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Colombian Refugees Find Hope among the Flower Beds

An 18-month program sponsored by USAID and the Colombian Association of Flower Growers (Asocolflores) trains displaced Colombians to become floriculture technicians and managers, bringing hope to this highly afflicted sector of the population.

More than an estimated three million Colombians are displaced due to the ongoing struggle between illegal armed groups and the government for control over strategic and economically valuable regions of the country. One such region is the southwestern province of Nariño, which shares borders with the Pacific Ocean and Ecuador.

On the maps of Colombia provided by the National Antipersonnel Landmine Observatory and included along with Shared Responsibility’s May 2, 2006 featured story, Nariño stands out as one of the provinces with the highest density of coca crops. Consequently, it is also plagued by mines, violence and high numbers of displaced people. According to figures presented by the United Nations High Commissioner for Refugees, (UNHCR) more than 4,000 people have fled Nariño in just 2006, most of whom are indigenous, seeking to avoid violent combat taking place between illegal armed groups (who fund their violent activities through drug trafficking) and the government.

Most recently 1,700 of Nariño’s citizens have fled to the city of Sánchez, where national and international organization have set up camp to try and meet the humanitarian needs of this new group of refugees. Concerns remain, however, for their well-being and for their safety.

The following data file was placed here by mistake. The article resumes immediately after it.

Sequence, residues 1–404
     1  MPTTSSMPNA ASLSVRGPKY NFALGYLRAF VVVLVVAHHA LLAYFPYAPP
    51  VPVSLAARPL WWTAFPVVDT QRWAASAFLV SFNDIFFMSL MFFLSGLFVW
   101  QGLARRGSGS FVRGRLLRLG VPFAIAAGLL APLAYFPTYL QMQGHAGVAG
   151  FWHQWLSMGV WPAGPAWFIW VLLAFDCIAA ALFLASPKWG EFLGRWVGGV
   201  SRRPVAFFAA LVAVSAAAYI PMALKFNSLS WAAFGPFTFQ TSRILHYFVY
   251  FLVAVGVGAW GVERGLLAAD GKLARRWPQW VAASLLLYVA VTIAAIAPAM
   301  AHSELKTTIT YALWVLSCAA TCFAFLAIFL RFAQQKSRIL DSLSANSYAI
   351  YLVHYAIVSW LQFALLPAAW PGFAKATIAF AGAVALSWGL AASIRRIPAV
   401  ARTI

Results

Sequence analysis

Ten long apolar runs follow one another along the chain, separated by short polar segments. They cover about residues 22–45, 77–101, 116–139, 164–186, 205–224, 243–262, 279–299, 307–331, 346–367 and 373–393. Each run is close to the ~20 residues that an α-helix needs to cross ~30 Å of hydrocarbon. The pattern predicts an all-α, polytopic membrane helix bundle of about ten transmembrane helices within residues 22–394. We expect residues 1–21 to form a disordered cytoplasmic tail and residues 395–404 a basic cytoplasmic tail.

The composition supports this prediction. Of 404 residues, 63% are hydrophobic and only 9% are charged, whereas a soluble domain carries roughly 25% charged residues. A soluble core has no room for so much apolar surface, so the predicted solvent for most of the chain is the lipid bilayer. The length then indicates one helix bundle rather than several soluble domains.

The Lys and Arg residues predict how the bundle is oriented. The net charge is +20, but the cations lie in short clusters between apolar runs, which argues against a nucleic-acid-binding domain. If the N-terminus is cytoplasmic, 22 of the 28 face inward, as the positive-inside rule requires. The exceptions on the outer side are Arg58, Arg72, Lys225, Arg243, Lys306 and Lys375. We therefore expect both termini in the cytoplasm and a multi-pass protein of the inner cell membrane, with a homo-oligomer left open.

Fortunately, not all news is bad.

As the indigenous people of Nariño flee the violence sparked by illegal guerilla groups, other displaced Colombians are finding new hope by learning all about the flower business, a booming Colombian industry. Participants are taught, over a period of a year and a half, about business management and the technical aspects of growing flowers, while receiving a stipend, housing and access to psychological experts who can help them with the trauma of displacement. Graduates of the program have been able to find jobs in private flower-growing companies, making a good living for themselves. And, some have even started flower businesses of their own.

In addition to gaining a new lease on life, trainees provide much-needed expertise to a growing industry in need of skilled laborers. Over the past decade, Colombia\'s flower industry has become a world-class industry, second in production only to Holland\'s.

The program, jointly managed by USAID and Asocolflores, is being used as a model for other programs seeking to assimilate displaced people back into the general population. Hopefully, the displaced people of Nariño will also soon be given a similar chance to smell the roses once again. Posted by Guest at 2:24 PM on Tuesday, 20 June 2006

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